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COVID Spike Strains Local EMS

January 12th, 2022 by WCBC Radio

The Allegany County Health Department (ACHD) is asking the public’s help to alleviate the unprecedented strain that COVID-19 and its emerging variants have placed on the area’s emergency medical services (EMS) personnel, frontline responders, and hospitals.

COVID-19 infections continue to spread rapidly in Allegany County. Since January 6, Allegany County has confirmed nearly 1,000 new COVID-19 infections which, when combined with COVID-related staff shortages and everyday non-COVID-related community EMS needs, threatens to overwhelm frontline health care providers and our health care system as a whole. Across the state, increased numbers of hospitalizations have led to longer patient wait times in the area’s emergency departments (ED), as well as a shortage of available staffed beds in hospitals. Healthcare facilities are being required to triage (sort) patients as they arrive to ensure the sickest receive treatment first.

In light of this unprecedented burden on EMS personnel, hospital staff, and our health system, the Allegany County Health Department is seeking the community’s assistance in the following ways:

  • Avoid going to EDs for minor illnesses, such as coughs, colds, and low-grade fevers. Instead, seek non-emergency care from primary care physicians or urgent care centers.

  • Do not go to an ED just to obtain a COVID-19 test. Instead, go to an approved COVID-19 testing site or use a home test kit. You can find a list of testing location at

  • Limit 9-1-1 EMS calls to possible life-threatening conditions such as:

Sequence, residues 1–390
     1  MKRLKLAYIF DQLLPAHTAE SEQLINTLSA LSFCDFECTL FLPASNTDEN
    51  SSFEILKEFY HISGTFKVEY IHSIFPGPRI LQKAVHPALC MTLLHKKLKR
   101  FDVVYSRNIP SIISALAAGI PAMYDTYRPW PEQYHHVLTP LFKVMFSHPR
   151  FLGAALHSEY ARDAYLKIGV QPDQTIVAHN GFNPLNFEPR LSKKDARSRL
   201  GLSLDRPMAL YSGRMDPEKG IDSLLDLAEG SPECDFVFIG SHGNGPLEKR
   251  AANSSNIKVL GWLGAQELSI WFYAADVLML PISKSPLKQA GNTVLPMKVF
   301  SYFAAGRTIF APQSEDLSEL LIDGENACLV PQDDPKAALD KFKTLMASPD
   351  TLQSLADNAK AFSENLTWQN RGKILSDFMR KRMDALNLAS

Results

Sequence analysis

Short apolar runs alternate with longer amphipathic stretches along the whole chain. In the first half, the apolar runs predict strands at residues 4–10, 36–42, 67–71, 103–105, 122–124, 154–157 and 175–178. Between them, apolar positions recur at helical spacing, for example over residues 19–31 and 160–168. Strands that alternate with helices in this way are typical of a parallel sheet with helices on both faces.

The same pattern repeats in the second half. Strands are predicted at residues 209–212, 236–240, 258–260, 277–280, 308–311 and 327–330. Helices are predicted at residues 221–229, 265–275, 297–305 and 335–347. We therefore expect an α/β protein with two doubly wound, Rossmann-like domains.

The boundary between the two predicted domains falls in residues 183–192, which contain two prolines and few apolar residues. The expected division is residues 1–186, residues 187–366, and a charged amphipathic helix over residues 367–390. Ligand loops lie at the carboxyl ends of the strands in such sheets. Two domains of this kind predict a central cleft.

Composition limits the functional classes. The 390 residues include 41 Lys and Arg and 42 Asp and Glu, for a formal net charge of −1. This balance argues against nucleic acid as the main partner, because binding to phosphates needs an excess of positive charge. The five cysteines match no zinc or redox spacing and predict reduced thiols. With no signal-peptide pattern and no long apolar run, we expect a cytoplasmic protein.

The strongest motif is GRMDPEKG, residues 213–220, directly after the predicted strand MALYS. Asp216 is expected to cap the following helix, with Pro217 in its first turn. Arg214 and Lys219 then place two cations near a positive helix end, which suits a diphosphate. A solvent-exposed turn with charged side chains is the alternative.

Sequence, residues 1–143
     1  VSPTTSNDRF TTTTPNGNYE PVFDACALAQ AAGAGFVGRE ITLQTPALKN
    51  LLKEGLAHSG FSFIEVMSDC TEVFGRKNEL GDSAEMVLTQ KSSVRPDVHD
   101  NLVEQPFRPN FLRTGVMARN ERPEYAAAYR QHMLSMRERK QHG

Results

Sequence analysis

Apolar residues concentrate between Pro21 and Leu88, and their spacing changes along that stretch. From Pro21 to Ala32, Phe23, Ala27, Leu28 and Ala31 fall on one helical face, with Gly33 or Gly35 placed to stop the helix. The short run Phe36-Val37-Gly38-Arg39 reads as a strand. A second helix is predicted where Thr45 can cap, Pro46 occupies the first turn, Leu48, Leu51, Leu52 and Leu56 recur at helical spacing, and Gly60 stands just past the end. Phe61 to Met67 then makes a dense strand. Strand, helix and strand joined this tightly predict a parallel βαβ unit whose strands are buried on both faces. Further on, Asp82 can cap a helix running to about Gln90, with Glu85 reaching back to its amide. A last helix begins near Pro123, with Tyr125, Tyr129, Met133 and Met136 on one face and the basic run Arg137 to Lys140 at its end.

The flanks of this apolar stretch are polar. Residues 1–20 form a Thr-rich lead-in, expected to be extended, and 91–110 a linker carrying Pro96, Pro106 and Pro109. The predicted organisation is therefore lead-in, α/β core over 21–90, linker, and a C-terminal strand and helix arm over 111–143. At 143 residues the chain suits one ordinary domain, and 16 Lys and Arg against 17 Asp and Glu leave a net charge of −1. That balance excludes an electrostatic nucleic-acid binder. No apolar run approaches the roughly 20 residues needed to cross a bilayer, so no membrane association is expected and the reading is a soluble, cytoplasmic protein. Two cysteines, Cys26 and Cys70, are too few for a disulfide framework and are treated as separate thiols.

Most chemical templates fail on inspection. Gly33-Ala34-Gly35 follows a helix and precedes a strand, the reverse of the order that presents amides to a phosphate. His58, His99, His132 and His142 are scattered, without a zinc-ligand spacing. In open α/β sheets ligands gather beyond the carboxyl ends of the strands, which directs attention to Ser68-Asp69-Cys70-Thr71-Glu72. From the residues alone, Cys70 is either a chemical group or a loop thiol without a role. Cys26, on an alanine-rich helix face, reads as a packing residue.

• Chest pains or persistent pain or pressure in the chest

    • Trouble breathing or shortness of breath

    • Bluish lips or face

    • Severe pain that is new and doesn’t go away

    • Traumatic injury

    • Unconscious or altered mental status

    • New confusion or inability to arouse

    • Stroke

    • Overdose

    • Allergic reaction with swelling and/or respiratory difficulty

    • Seizure

    • Diabetic emergencies

    • Life-threatening mental health issues (e.g., suicidal)

    • Burns

    • Childbirth (active labor or complications)

  • Get your flu and COVID-19 vaccinations, get a COVID booster, and encourage others to do the same.

  • Help limit COVID-19 transmission by socially distancing, washing hands regularly, and wearing a mask.

  • Limit exposure to others, especially if there has been close contact with someone known to have COVID-19 or there are COVID-19 symptoms.

In cases of mild symptoms that are likely due to a viral illness, EMTs and Paramedics will evaluate the patient’s condition.  If the severity of illness is mild, they may advise home care, primary care follow-up, and outpatient testing rather than going to the ED.

By following these guidelines, the Allegany County community can help decrease COVID-19 transmission and, in so doing, decrease the number of infections, hospitalizations, and deaths. For more information about COVID-19 and related resources, visit or

Our EMS system, hospitals and health care personnel are responding to these extraordinary circumstances and continue to meet the needs of our patients,” says Dr. Ted Delbridge, Executive Director of the Maryland Institute for Emergency Medical Services Systems, which coordinates the state’s EMS system. “EMS Clinicians are available when you truly need them, but please make sure there is a true emergency before calling 9-1-1 or going to the ED.”



Allegany County Fairgrounds, 11400 Moss Avenue, Cumberland, MD

Allegany County Health Department, Willowbrook Office Complex – Ground Floor, 12501 Willowbrook Road, Cumberland, MD

For assistance registering for an appointment, county residents can call the COVID-19 call center at 240-650-3999. COVID-19 vaccines and boosters are also widely available in the community at local pharmacies, urgent care clinics, and some primary care providers.



  • New COVID Cases: 341 (cumulative total 13,607)

  • Additional Deaths: 5 (cumulative total 303)

  • Cases Per 100,000 People: 258.46 (Maryland: 200.82)

  • Positivity Rate: 29.57% (Maryland: 26.91%)

  • Percent of Population Fully Vaccinated: 49.4% (Maryland: 71.2%)